Like drugs of abuse, exposure to novel stimuli releases a rush of dopamine in reward areas of the brain. And, high-sensation seekers often develop a sort of tolerance to high-risk activities—boredom sets in, and they are compelled to add new twists that recreate the initial charge.
I'm sure that the mechanisms of dopamine are a lot more complex than novelty-click-dopamine but nevertheless it's interesting to speculate. We have developed wonderful engines for novel stimulation: email, Twitter, Facebook, Instagram, SMS - there's always a new message, a new tweet, a new status, a new photo, a new text that might be coming, that might be wonderful. Does this possibility lead to the pattern of endlessly checking for updates? Are we engaged in a multi-million person experiment that is creating neophiles, endless craving the new?
I don't know if it's actually the case, but it certainly seems to me that if we had set out to do it intentionally, we couldn't have done better than the unpredictable bursts of the new that we got we with the systems we built. I guess it's ultimately a question of whether the novelty-seeking, whether it's waiting for the Blackberry to buzz, refreshing Twitter, clicking through the TV channels or following web links (prurient or otherwise) interferes with the ability to read and think in longer-form, less jittery ways.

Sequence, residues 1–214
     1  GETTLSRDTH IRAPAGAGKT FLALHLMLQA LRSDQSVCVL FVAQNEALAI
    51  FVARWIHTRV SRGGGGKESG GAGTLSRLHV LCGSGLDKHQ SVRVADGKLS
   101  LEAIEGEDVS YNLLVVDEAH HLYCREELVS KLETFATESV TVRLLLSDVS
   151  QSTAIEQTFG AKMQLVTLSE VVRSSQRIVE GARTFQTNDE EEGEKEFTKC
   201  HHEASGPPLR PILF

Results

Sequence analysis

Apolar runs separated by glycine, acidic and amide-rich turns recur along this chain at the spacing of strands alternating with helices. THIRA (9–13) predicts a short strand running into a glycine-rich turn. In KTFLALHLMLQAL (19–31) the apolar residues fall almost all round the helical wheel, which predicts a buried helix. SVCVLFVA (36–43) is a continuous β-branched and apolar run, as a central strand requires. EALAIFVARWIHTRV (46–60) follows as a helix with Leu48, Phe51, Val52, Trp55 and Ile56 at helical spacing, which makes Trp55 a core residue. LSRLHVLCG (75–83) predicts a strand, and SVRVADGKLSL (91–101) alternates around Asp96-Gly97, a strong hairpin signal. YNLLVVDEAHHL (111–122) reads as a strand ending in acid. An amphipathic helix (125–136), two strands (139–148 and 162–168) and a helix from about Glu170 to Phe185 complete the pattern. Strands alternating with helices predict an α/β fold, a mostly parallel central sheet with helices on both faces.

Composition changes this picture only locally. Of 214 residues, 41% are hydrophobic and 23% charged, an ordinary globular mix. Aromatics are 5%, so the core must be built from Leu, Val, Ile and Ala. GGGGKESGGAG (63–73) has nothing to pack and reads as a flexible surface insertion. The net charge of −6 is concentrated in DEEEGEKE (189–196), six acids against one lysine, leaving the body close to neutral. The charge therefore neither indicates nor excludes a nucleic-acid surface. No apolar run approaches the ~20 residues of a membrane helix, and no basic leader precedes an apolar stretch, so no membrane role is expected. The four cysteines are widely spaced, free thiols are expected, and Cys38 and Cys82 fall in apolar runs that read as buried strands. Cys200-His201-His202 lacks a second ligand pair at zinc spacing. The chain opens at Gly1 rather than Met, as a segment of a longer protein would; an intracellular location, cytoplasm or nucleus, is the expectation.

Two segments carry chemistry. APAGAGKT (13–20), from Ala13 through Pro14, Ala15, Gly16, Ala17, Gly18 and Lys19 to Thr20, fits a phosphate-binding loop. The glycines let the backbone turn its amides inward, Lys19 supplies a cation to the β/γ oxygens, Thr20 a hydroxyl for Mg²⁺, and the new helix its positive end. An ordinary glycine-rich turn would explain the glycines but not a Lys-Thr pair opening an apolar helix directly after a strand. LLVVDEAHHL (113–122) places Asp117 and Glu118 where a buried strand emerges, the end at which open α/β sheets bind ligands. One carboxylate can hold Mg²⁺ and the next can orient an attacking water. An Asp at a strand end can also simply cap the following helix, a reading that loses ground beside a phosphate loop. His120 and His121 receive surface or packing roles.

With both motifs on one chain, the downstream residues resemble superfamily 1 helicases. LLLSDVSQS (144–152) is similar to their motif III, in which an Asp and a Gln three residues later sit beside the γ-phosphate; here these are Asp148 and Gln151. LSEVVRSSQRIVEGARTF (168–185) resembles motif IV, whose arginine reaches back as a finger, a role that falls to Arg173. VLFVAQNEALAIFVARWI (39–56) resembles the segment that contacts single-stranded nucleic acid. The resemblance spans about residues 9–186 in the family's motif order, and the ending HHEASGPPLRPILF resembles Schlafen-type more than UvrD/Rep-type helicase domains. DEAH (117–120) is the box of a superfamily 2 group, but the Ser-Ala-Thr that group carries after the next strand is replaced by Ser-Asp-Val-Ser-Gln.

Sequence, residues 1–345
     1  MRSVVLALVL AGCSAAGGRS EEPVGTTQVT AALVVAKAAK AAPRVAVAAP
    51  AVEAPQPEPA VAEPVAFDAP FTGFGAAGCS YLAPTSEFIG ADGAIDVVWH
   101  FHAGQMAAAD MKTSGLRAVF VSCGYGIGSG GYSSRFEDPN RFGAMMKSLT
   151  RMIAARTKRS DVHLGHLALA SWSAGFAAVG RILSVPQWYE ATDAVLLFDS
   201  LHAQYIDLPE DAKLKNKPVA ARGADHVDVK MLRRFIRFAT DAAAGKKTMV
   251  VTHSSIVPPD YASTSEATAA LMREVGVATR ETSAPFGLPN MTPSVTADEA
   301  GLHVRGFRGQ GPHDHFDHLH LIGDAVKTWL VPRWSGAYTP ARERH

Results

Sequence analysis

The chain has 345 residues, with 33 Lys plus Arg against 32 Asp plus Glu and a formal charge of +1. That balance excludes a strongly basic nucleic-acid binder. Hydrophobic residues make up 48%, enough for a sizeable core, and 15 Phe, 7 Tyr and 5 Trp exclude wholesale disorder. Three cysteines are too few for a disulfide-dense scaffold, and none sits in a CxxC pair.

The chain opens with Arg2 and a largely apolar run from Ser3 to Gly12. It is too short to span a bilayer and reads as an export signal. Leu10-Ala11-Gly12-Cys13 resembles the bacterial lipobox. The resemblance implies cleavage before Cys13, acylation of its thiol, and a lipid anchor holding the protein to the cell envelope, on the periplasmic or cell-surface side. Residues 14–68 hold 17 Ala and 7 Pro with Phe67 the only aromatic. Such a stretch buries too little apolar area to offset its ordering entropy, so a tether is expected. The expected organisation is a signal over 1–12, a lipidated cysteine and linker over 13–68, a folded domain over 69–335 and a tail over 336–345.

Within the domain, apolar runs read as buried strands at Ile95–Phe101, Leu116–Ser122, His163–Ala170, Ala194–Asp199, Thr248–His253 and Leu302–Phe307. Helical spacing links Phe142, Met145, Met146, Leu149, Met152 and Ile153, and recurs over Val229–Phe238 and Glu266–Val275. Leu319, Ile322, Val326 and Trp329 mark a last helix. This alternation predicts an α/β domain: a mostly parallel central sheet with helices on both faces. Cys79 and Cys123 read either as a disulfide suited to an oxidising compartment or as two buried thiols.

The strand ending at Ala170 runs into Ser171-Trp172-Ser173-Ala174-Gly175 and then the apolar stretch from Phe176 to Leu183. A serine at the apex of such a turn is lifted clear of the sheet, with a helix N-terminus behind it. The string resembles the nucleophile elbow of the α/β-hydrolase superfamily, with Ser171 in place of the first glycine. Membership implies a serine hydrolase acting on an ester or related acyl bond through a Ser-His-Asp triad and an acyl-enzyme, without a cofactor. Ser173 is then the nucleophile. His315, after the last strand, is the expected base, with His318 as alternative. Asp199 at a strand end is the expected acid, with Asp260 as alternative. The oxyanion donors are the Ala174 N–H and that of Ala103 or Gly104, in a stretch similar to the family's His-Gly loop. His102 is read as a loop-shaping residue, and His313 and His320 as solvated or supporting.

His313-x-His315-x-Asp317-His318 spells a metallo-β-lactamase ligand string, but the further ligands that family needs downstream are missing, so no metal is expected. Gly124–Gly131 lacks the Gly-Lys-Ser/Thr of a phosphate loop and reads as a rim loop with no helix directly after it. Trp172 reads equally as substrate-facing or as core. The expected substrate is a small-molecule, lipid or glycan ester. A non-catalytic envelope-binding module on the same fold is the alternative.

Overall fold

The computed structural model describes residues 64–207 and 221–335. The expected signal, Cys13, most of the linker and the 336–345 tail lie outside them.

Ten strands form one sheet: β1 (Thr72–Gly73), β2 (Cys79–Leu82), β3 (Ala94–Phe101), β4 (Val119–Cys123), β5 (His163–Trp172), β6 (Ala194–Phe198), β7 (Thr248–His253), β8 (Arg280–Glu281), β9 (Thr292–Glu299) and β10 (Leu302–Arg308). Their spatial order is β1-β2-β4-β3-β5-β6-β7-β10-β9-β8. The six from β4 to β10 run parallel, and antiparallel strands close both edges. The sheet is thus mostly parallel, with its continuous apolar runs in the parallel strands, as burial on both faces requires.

I do find that interacting with Twitter through TweetDeck or EchoFon has much more of a tendency for me to be about discovering interesting content than actually consuming it; my pinboard is full of bookmarked but not read links. I also found the rapid feedback and perception-of-activity that come with Twitter drained a lot of the energy away that I used to devote to blogging.
That being said I'm not convinced about any "Internet is making us stupid" or "Internet is making us addicts" arguments. I think one thing it does point to is the sheer lack of complex filtering tools - at least I'm not aware of good ones. Right now I consume EchoFon and TweetDeck as raw streams of tweets from people I follow - without any ranking, recommendations or analysis.
As I read Too Big To Know (and having read similar books) I'm struck by how much of the discussion is about how the way to deal with lots of information is good filters, yet how few of our tools provide sophisticated filters (anything more than keyword filters) by default.
Pouring an activity stream directly into the brain is not a particularly useful allocation of time; I'd be interested hear about any tools that people are using to filter Twitter and other information streams.